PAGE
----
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Author Topic: Lacquer V.S. Enamel  (Read 25193 times)
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ruiz_carlo
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« on: October 08, 2005, 02:42:04 AM »

How are the two different???

What are their advantages and disadvantages? Thumbs Up
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viridius
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« Reply #1 on: October 08, 2005, 02:53:09 AM »

I doubt very many cases, if any, are lacquered or enamelled.  You're probably referring to the finish type denoted on a particular variety of paint.  Correct me if I'm wrong, but I'm pretty sure lacquer is glossy, while enamel is glossy, but with a slight texture.
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linear
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« Reply #2 on: October 08, 2005, 07:37:15 AM »

The main difference is the way it behaves in the solvent, and how that affects the process.

Enamels go through a "cure" process where the polymers in the paint set up longer chains and bond together. Enamel, once hardened, won't soften back up. So laying another coat of enamel on, you want to scuff the existing coat for good adhesion.

Lacquer dries by the evaporation of the solvent. Lacquer will soften the existing coats slightly, and you get a bond between coats that way.

Putting enamel over lacquer = ok

lacquer over enamel =  Mad Mad Mad
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ruiz_carlo
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« Reply #3 on: October 08, 2005, 11:44:13 PM »

What type is commonly or best used in CPU casing painting?

I saw linear's site and there he used enamel.  Smile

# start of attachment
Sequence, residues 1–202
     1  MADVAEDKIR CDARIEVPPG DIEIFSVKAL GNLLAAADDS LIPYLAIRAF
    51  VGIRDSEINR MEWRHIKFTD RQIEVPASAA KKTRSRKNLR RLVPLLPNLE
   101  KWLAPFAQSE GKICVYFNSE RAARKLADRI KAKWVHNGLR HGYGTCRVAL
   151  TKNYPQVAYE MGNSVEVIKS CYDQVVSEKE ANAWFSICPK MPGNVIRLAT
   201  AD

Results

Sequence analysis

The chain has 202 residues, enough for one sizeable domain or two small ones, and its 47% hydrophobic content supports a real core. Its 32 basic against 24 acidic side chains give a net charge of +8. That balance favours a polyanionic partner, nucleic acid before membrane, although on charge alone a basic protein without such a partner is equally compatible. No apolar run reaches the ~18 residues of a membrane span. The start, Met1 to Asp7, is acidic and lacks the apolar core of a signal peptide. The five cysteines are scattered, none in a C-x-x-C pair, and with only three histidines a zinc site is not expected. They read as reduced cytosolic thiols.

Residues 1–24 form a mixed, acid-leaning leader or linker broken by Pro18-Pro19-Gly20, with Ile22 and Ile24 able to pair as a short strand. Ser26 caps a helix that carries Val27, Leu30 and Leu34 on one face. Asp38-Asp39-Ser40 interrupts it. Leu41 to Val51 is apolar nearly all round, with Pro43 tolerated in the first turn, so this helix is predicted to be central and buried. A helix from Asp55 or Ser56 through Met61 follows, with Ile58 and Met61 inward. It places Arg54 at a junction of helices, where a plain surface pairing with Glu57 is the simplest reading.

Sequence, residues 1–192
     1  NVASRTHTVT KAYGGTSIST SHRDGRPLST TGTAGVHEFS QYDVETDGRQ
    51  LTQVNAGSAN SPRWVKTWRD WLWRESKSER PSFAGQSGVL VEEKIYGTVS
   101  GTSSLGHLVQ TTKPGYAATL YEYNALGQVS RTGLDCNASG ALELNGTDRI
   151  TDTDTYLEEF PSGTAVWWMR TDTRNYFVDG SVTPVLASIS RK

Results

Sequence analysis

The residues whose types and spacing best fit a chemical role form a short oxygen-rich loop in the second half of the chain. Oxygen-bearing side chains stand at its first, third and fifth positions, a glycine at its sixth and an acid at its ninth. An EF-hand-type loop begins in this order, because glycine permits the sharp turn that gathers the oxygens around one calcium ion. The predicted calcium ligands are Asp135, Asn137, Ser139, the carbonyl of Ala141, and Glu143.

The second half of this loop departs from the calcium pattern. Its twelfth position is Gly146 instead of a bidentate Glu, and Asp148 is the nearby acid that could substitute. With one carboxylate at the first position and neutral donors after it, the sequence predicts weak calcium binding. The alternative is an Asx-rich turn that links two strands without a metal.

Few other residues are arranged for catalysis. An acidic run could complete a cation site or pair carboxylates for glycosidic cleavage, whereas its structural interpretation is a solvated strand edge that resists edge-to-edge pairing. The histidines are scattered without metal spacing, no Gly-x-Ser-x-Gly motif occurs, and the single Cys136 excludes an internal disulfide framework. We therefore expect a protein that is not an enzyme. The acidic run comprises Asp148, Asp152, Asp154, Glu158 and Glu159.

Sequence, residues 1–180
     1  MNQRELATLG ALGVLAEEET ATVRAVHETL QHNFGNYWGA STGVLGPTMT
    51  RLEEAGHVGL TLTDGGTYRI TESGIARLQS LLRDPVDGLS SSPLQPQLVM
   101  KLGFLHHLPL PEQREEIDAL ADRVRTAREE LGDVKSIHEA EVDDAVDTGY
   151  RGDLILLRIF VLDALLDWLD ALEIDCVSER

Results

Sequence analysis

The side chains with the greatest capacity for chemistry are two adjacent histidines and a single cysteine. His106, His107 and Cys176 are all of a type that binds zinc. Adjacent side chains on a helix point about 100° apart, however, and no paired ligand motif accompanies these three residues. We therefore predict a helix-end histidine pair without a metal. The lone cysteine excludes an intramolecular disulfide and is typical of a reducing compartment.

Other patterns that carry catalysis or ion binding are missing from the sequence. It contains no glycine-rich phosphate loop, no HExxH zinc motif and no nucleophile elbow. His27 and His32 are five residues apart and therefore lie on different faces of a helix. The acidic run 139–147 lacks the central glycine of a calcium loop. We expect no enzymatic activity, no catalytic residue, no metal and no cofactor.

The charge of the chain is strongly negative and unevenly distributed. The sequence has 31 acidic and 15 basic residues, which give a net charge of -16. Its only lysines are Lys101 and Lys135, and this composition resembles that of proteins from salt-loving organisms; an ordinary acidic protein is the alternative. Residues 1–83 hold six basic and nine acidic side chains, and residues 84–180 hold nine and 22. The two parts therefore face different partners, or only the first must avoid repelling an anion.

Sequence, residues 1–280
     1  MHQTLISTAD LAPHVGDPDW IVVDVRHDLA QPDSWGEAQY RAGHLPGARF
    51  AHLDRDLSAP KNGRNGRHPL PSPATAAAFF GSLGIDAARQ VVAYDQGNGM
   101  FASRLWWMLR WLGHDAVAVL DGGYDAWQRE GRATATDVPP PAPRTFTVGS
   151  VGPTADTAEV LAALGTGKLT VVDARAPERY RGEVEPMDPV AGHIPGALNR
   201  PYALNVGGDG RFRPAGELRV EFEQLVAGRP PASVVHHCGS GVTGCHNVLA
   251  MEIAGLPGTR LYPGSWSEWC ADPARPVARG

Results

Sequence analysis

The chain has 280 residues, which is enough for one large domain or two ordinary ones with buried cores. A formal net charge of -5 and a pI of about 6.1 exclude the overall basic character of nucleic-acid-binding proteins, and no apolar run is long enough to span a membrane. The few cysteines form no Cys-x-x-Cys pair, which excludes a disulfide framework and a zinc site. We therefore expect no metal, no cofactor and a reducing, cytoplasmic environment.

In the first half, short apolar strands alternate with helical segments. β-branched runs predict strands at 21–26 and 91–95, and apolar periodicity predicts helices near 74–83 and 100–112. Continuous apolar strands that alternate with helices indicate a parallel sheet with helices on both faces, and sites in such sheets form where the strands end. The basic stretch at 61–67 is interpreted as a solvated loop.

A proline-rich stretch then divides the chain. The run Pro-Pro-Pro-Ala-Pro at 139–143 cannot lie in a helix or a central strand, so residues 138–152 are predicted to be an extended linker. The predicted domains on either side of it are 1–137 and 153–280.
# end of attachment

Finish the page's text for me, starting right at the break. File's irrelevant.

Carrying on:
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Blooz1
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« Reply #4 on: October 09, 2005, 10:26:12 AM »

Lacquer can require many coats, and is also very "brittle" - it chips easily.

When done right though, it's a great looking finish!

Ever see any councours-class antique cars? Back in the day (1920's-1930's) on the really expensive cars like Deusenburgs, Bugattis, etc. there were sometimes 20-30 coats of lacquer paint, hand-rubbed between each coat to build up the extremely smooth, glossy, rich finish.
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ruiz_carlo
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« Reply #5 on: October 10, 2005, 02:37:47 AM »

Thanks for the info Thumbs Up

Could that mean that enamel is easier to work with??
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linear
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« Reply #6 on: October 10, 2005, 03:21:08 PM »

I've actually never done a laquer job, I always use enamel, so I'm hesitant to comment.

I've heard that lacquer gives a deeper luster, esp. lacquer clears. It kind of makes sense when you think about it--instead of sanding between coats, each one kind of marries the coat below it, partially dissolving it again.

This is actually almost no help whatsoever, but what the heck:
http://www.duplicolor.com/solutions/faq.html

I'm always a big fan of the "run a test piece" approach. If you're still conflicted, invest the ten bucks and run a piece through both systems, and tell us which way you prefer. I think that technique (and notably attention to detail in prep) trumps product selection every time. Do the job right and either system will look incredibly good.
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ruiz_carlo
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« Reply #7 on: October 10, 2005, 10:03:27 PM »

ok Thumbs Up

I am going to try enamel first. I have a lacquer with me but i could not find a clear coat for it.

Thanks for your help. I am really new to this and I could not find anyone to help me. LOL

I will be posting my comments soon Wink

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ice_cubed
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« Reply #8 on: October 19, 2005, 08:22:51 AM »

Thanks for the info Thumbs Up

Could that mean that enamel is easier to work with??

In my experience, I have to be more careful with lacquer to avoid runs.  On the other hand I seem to get less orange peel with lacquer. 
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